HARTFORD — Four years after his unsuccessful bid to unseat Sen. Joe Lieberman ’64 LAW ’67 in the Democratic senatorial primary, Ned Lamont SOM ’80 is back.

Lamont returned to the place where he launched that campaign in 2006 — at the historic Old State House here — and announced Tuesday that he will seek the Democratic candidacy for governor.

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This comes three months after Lamont formed an exploratory committee for the race, taking the largely procedural step before becoming the only official candidate in the Democratic race Tuesday. Speaking in the standing-room only General Assembly room, Lamont declared, to great applause: “No more exploring. I’m running for governor.”

In his 17-minute speech before a roomful of family and supporters, including Yale College Democrats and Connecticut College Democrats President Ben Stango ’11, Lamont zeroed in on the economy, promising to bring his private-sector experience as a CEO of a cable television company to the capital as the state’s “chief economic development officer.”

Highlighting recent biotechnology startups at Science Park at Yale, Lamont cited its continued importance to the state’s economic future.

“That’s where Eli Whitney reinvented manufacturing,” Lamont said. “You should be there with other biotechnology companies to reinvent biotechnology.”

Connecticut currently ranks last among the 50 states in terms of new job creation, and has been shedding manufacturing jobs for over a quarter century.

Lamont also mentioned his failed 2006 campaign Tuesday, saying he and his supporters stood up to the state’s political establishment during that election, in which Lieberman, running as an Independent, took just under 50 percent of the vote.

“We stood up to the political wisdom, and we made a difference,” Lamont said. “I’m here to ask you, Connecticut, to stand up again.”

But how the 2006 senatorial race will affect his gubernatorial chances this year is still unclear, Quinnipiac Univeristy Poll Director Doug Schwartz said Tuesday.

“I think the 2006 race cuts both ways,” Schwartz said. “It has given him great name recognition, but the downside is that he lost in the end.”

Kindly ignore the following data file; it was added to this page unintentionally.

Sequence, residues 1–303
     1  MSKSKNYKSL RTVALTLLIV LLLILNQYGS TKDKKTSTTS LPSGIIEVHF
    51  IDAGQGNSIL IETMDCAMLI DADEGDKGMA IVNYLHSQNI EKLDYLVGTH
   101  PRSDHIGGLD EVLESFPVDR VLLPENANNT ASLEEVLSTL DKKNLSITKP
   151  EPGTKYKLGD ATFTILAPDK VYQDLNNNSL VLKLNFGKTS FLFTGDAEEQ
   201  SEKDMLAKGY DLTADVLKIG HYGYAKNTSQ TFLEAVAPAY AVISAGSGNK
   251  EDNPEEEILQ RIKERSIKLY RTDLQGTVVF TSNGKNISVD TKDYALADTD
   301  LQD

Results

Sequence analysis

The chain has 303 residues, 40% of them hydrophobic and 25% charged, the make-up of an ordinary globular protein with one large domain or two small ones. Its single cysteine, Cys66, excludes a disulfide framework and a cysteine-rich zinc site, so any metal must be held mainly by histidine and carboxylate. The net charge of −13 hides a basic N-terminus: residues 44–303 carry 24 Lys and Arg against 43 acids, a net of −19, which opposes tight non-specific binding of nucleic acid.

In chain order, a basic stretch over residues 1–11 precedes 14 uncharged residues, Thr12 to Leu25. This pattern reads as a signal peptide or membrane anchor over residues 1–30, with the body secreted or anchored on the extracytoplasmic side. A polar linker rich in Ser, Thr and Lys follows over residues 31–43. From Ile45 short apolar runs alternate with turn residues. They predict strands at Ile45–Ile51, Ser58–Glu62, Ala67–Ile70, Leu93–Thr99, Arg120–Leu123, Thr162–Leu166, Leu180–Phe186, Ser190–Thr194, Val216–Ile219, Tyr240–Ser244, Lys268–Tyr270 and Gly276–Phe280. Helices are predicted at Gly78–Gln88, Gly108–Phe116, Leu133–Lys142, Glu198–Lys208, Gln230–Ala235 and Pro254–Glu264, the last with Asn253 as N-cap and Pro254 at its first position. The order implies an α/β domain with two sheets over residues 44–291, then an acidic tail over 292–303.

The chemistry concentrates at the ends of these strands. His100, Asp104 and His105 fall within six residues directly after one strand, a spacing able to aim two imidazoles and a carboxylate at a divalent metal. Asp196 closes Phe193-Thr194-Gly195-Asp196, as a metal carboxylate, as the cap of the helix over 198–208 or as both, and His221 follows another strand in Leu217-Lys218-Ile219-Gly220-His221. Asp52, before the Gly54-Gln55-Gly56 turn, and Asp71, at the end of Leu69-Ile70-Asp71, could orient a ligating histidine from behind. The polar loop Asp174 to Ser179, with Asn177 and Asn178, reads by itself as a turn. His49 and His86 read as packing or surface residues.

In a January Quinnipiac poll, Lamont led all Democratic candidates bidding to replace retiring Gov. M. Jodi Rell, a Republican. When Lamont was on campus last month to speak to the Yale College Democrats, he said he hoped to create an economic “strategic plan” for the state as governor.

Democrat Dan Malloy, the mayor of Stamford, Conn., who narrowly trails Lamont in the polls, released a statement to reporters at the same time that Lamont took the podium Tuesday. Malloy, who has not yet made his candidacy official, announced he had secured the support of 41 elected officials and political leaders across the state.

Schwartz said Malloy is attempting to solidify the support of the Democratic establishment to win its support at the party convention this coming May.

According to state law, if a candidate gets 15 percent of the convention vote, he or she earns a spot on the Democratic primary ballot. Carrying a majority of the convention vote earns the victor the party’s endorsement in the primary. Schwartz said it is likely both candidates will score 15 percent of the vote but it is unclear whether either will secure the party endorsement.

On the Republican side, Lt. Gov. Michael Fidele and former United States Ambassador to Ireland Thomas Foley, among others, are currently seeking the governorship.

In 2006, while Lamont attempted to unseat Lieberman, Malloy secured the Democratic Party endorsement for governor but lost a primary battle to New Haven Mayor John DeStefano Jr. DeStefano then lost the general election to Rell.